Life has an interesting way of working out. So no, I didn’t end up going to film school or anything remotely close to it. I had been a longtime film fan, but I didn’t even start blogging about film until well after I graduated college. Little did I know that this wee film blog finally led me to realize my lifelong dream!
How it all began…
Thanks largely to Twin Cities Film Fest and being a press member with a couple of PR companies, as a film blogger I had the privilege to interview various indie filmmakers. There’s nothing more gratifying and inspiring to learn from filmmakers who love making films and passionate about the craft. Whilst blogging about film, I’ve also been writing all kinds of film concepts, but nothing has been fully fleshed out until the one I started writing about a year and a half ago…
So yeah, the reading became the catalyst for this short. I still can’t believe how far we’ve come since the script reading back in January… and how well the two-day shoot went despite barely having any pre-prod time. When people say your first film is made w/ your blood, sweat and tears… well they aren’t kidding. This is a passion project w/ a capital ‘p’ and it’s a personal one for both Ivan and I. My hubby is not only the exec producer, he’s also a prop master, stage hand, behind-the-scenes photographer, video editor (for our Kickstarter video)… all that on top of juggling his full-time day job and lending emotional support during the most stressful times of making a film.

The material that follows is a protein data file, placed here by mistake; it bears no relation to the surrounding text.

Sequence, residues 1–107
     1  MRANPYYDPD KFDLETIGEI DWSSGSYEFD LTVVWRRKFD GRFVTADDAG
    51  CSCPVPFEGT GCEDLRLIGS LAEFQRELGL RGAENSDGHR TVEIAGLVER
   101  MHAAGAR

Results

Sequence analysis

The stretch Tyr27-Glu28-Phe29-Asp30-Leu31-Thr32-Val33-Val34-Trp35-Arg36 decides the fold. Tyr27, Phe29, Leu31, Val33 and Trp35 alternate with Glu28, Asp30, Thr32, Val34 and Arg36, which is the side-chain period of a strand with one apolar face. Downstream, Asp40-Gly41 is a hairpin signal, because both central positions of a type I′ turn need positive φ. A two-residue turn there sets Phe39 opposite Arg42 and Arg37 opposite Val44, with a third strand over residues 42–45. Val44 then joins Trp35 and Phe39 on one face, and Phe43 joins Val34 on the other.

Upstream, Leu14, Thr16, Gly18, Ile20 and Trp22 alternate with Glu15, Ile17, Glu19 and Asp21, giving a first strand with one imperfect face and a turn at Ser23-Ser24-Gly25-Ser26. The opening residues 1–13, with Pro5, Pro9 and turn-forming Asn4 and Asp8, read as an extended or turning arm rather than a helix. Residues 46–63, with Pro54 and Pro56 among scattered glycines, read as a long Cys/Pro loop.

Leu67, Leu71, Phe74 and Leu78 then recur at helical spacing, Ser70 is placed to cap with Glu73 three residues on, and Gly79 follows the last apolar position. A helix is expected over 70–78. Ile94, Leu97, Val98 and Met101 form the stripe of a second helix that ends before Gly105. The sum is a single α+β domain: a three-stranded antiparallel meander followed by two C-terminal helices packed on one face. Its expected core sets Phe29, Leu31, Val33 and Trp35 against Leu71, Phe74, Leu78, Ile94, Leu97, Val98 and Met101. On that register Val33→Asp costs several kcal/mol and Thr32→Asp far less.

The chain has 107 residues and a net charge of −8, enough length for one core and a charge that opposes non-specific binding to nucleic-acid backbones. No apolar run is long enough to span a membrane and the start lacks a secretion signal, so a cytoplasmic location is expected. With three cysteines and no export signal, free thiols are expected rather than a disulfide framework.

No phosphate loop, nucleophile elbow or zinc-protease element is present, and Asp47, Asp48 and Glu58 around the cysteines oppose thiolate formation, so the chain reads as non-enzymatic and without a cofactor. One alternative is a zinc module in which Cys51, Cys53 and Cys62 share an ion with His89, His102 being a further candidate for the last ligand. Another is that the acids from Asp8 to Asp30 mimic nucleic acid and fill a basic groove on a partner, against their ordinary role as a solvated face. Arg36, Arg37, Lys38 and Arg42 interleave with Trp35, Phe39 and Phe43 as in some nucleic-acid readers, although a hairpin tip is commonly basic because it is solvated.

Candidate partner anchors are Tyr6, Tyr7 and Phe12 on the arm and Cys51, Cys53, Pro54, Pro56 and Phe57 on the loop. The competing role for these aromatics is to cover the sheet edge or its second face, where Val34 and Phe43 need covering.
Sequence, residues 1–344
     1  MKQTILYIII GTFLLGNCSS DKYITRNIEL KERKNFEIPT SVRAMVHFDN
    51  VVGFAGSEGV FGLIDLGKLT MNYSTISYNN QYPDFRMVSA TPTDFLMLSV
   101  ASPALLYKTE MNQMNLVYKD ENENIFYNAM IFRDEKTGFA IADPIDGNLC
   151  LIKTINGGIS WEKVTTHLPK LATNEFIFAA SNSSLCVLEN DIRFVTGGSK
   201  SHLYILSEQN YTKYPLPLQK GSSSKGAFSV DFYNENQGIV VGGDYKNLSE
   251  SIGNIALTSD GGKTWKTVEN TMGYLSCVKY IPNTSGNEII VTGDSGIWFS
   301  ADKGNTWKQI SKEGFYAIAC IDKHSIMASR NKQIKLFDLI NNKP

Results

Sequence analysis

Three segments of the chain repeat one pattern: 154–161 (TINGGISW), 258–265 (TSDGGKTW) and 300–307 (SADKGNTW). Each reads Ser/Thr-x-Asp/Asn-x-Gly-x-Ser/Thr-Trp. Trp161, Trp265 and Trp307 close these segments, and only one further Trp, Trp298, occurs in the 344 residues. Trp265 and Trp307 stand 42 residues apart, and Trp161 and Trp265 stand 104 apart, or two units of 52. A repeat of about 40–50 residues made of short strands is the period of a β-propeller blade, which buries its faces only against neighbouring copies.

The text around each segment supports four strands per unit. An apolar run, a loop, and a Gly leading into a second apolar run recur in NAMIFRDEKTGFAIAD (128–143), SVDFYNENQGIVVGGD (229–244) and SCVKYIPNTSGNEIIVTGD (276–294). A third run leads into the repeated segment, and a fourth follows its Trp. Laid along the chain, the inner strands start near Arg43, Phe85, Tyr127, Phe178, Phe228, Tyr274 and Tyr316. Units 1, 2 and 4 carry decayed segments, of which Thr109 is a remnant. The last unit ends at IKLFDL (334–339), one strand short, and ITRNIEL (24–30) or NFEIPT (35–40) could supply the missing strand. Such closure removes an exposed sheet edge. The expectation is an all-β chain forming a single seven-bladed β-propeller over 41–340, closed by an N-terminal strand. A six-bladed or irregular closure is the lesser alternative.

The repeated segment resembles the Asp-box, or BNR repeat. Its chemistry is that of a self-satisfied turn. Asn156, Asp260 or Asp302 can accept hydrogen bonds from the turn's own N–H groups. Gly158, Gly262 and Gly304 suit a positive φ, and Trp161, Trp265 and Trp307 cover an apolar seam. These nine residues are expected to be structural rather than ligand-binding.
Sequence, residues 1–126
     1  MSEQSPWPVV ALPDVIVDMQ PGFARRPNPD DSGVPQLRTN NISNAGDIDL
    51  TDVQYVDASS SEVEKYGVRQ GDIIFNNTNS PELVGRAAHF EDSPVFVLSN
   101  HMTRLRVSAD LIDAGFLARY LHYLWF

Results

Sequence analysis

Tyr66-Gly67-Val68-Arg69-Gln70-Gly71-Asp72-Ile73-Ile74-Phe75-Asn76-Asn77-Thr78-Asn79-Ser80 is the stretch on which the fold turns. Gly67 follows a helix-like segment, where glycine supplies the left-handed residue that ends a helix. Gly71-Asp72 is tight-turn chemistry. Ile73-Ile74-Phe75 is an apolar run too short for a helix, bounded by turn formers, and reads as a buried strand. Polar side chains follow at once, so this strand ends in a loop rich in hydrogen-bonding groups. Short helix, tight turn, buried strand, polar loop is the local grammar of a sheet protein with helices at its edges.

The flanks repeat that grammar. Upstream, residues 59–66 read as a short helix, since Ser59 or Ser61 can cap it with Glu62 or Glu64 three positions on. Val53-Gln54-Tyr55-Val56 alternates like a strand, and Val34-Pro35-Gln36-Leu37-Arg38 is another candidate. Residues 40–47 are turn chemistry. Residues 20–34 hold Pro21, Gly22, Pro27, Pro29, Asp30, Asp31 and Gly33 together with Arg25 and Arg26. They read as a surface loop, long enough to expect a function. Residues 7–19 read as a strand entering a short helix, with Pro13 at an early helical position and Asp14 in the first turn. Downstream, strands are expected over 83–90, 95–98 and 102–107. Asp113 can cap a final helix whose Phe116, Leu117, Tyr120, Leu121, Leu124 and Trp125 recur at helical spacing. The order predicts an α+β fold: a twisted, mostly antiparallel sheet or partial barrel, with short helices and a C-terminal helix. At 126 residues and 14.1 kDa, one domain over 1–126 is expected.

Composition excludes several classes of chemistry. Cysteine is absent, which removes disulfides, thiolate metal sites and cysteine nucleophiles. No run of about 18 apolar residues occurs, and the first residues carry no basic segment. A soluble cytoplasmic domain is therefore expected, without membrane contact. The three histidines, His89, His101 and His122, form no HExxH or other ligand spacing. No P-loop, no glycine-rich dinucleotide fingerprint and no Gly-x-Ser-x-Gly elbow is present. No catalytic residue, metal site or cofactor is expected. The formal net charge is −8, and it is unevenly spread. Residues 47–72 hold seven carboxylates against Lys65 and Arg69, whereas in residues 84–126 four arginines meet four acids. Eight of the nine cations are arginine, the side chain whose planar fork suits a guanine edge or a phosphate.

The people who’ve inspired me…
As I mentioned in my Kickstarter page, I’ve been a long champion of #WomenInFilm and am constantly inspired by female filmmakers who’ve thrived in a male-dominated industry… powerful filmmakers such as these…
I’ve also been blessed with meeting fellow directors in person whose work have inspired me… Emily Ting who directed Already Tomorrow In Hong Kong, Ashlee Jensen who co-wrote/directed Project Eden Vol I, Pamela Romanowsky who directed The Adderral Diaries, Rebecca Weaver who wrote/directed June Falling Down, and Kate Nowlin who wrote and starred in Blood Stripe, just to name a few. (Also shout out to Remy Auberjonois, Kate’s husband and Blood Stripe‘s director who narrated my script reading! I’m forever grateful to them for having inspired me to finally take the leap and make my first film!
My own film also wouldn’t have been made without the help of my two producer friends, Kirsten Gregerson and JoJo Liebeler…